As a matter of fact, once the stop at 6 mm is inserted, the 3 mm diameter SinCrest Drill will be used: this will create a precise housing to insert the 3 mm SinCrest tool.

Meta minilift

Sinus minilift Sinus minilift 2

Maxillary minilift

Sincrest minilift

In the following video it is shown how the SinCrest device works.


At this stage, the device is manually screwed until one can see the white stripe on the probe. Seeing that stripe means that the SinCrest has reached the depth made by the burs.


Sincrest lift


Sincrest sinus 2

The handpiece is now rotated of ½ rotation first counterclockwise and then clockwise applying a pressure axially. By repeating this “screw and unscrew” motion, the thread of the device is kept completely stationary and an osteotomy of 0.5 mm is carried out apically. At this stage it is possible to screw the SinCrest again so that it will go forward of 0.5 mm apically.

It is always necessary to check the residual resistance of the sinus floor by applying a light pressure on the probe. If the probe does not go further, it is necessary to repeat the forward movement sequence of the device.



When the white stripe disappears, it means that the bone operculum is fractured and it is possible to insert the bio-material for the elevation.


Sincrest Meta sinus
In the following video it is shown how the SinCrest device clinically works.


In this case we used Bio-Oss inserted in the sinus by means of a carrier and pushed apically using osteotomes: it is important not to go further than 8 mm. Finally the Strauman male threader is screwed in order to make a hole of 3.5 mm diameter: this is needed to insert a 10 mm long Straumann implant with a 4.1 mm diameter SLActive surface sunk for 1.5 mm due to aesthetic reasons.


Bone Sincrest

Bone sinus lift

Bone sinus minilift


Implant sinus lift
Implant sinus




After inserting a healing abutment with a height of 2 mm, a detached stitches suture using ePTFE (Tevdek 4.0) coated interweaved polyester was made.


Implant sinus minilift
Implant maxillary sinus minilift

Straumann sinus lift

Straumann sinus minilift

In conclusion, SinCrest has proved to be a really effective device that makes it possible to elevate the Schneider membrane in an extremely safe way even by the non-expert.

Its limit is that it cannot be used when the vertical distance from the maxillary sinus floor to the occlusal floor of the tooth adjacent to the site of operation is more than 23 mm and when there is a type 4 bone, as it would determine a reduced stability while screwing the SinCrest device.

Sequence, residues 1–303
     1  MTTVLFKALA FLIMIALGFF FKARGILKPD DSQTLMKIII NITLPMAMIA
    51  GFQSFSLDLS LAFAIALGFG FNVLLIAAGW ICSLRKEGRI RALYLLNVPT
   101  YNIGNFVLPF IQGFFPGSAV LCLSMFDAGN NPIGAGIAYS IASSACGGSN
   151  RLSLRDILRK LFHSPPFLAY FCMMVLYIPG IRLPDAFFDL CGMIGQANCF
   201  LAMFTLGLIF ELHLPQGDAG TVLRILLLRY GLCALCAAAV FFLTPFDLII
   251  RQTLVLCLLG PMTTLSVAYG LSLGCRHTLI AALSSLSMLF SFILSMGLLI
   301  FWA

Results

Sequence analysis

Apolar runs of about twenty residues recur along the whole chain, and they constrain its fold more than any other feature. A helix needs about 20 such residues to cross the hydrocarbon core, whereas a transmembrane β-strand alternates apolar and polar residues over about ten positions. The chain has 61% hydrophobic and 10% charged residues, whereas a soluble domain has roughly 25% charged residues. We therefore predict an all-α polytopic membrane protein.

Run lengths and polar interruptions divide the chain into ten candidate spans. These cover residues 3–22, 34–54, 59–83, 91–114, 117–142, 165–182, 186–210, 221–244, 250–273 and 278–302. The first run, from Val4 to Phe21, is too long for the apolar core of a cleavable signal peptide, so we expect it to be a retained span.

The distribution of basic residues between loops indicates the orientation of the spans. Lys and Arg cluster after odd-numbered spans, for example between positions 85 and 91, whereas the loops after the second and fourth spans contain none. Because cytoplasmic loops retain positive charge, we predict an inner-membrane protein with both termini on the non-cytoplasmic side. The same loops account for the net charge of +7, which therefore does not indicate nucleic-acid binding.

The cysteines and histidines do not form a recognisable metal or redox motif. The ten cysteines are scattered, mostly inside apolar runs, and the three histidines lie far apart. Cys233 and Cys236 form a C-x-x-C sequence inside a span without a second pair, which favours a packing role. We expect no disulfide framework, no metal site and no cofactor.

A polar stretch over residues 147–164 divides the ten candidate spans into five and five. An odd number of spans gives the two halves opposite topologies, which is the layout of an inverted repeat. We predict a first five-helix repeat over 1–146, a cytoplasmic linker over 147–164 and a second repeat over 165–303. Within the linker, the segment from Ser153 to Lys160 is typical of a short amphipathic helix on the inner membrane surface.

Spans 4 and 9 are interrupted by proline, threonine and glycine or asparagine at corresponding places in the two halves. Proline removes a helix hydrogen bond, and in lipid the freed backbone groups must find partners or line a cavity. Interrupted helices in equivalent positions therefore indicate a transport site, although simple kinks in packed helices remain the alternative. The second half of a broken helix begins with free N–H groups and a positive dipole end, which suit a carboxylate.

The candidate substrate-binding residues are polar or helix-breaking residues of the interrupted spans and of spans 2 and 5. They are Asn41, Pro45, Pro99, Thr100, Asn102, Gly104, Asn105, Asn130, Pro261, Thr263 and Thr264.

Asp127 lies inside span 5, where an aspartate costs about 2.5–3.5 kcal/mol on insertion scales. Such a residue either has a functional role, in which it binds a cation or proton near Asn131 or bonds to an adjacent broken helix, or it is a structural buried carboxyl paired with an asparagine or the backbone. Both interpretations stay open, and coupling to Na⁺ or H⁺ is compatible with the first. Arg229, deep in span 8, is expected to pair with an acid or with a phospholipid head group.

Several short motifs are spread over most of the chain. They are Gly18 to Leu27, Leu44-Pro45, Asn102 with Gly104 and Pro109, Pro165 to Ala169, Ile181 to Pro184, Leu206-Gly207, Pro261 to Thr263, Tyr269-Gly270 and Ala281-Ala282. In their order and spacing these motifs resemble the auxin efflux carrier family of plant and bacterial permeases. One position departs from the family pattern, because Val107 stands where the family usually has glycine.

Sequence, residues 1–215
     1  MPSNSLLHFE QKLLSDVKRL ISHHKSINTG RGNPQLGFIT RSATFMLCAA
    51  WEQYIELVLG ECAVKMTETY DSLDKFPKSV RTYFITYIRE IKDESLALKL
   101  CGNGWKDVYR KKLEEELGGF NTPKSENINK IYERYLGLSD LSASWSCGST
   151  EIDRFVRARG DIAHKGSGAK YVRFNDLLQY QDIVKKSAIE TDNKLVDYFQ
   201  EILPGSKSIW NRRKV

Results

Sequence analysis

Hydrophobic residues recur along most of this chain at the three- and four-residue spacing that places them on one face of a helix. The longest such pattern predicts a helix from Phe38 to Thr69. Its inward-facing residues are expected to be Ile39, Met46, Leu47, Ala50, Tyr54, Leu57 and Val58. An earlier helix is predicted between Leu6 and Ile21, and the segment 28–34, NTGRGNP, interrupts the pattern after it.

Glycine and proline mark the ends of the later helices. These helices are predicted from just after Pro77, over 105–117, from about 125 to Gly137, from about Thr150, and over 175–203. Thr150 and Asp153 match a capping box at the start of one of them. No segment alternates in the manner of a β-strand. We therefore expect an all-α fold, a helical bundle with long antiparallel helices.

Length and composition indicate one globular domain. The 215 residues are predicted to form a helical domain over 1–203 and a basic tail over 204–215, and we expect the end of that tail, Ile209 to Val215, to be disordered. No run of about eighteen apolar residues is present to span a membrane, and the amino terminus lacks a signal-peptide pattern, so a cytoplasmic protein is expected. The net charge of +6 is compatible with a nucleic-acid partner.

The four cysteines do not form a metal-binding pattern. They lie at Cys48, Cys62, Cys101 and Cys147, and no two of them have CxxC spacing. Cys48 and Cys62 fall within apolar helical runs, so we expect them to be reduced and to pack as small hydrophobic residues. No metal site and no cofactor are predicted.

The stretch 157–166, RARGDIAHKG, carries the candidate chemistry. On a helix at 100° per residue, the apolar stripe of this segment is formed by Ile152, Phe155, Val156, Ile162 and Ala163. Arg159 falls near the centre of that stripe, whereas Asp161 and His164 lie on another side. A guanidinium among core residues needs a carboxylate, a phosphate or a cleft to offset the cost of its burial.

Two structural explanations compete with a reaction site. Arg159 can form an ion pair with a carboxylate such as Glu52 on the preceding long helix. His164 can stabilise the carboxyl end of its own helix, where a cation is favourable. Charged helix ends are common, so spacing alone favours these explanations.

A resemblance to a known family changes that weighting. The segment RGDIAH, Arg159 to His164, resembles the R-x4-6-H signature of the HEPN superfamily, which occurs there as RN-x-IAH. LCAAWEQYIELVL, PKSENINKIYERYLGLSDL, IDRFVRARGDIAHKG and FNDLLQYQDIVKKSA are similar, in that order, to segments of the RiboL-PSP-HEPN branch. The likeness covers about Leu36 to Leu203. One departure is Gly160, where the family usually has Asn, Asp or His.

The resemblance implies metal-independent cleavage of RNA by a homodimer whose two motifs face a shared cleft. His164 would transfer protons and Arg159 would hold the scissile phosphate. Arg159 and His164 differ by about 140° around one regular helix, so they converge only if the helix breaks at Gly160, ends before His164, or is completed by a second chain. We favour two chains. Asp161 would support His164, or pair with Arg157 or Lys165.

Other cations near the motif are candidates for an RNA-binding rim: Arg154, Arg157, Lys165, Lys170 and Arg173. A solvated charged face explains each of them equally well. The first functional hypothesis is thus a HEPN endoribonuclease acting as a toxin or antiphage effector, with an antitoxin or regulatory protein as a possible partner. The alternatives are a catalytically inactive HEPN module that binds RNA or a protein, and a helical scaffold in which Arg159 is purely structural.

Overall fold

The authors of the present article also believe this device should not be used when dealing with very inclined sinus floors since, in these cases, the blade could damage the sinus membrane.

Another limitation of the kit is to be found in the succession of the burs. The gap between the first (1.2 mm) and the second (3 mm) when preparing the implant site is of 1.8 mm. This big gap can cause overheating of the bone and, above all, does not allow to correct the direction of the implant hole. This issue may be compensated using burs from one’s own implant kit.


1: Summers RB.
A new concept in maxillary implant surgery: the osteotome technique.
Compendium. 1994 Feb;15(2):152, 154-6, 158 passim; quiz 162.

2: Summers RB.
The osteotome technique: Part 2–The ridge expansion osteotomy (REO) procedure.
Compendium. 1994 Apr;15(4):422, 424, 426, passim; quiz 436.

3: Summers RB.
The osteotome technique: Part 3–Less invasive methods of elevating the sinus
Compendium. 1994 Jun;15(6):698, 700, 702-4 passim; quiz 710.

4: Summers RB.
The osteotome technique: Part 4–Future site development.
Compend Contin Educ Dent. 1995 Nov;16(11):1080, 1092 passim; quiz 1099.

5: Summers RB.
A new concept in maxillary implant surgery: the osteotome technique.
Compendium. 1994 Feb;15(2):152, 154-6, 158 passim; quiz 162.

6: Summers RB.
Sinus floor elevation with osteotomes.
J Esthet Dent. 1998;10(3):164-71.

7: Brägger U, Gerber C, Joss A, Haenni S, Meier A, Hashorva E, Lang NP.
Patterns of tissue remodeling after placement of ITI dental implants using an
osteotome technique: a longitudinal radiographic case cohort study.
Clin Oral Implants Res. 2004 Apr;15(2):158-66.

8: Woo I, Le BT.
Maxillary sinus floor elevation: review of anatomy and two techniques.
Implant Dent. 2004 Mar;13(1):28-32.

9: Diserens V, Mericske E, Schäppi P, Mericske-Stern R.
Transcrestal sinus floor elevation: report of a case series.
Int J Periodontics Restorative Dent. 2006 Apr;26(2):151-9.

10: Draenert GF, Eisenmenger W.
A new technique for the transcrestal sinus floor elevation and alveolar ridge
augmentation with press-fit bone cylinders: a technical note.
J Craniomaxillofac Surg. 2007 Jun-Jul;35(4-5):201-6. Epub 2007 Jun 20.

For information:

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Mini maxillary sinus elevation using Sincrest ultima modifica: 2009-05-14T00:21:00+00:00 da Fabio Cozzolino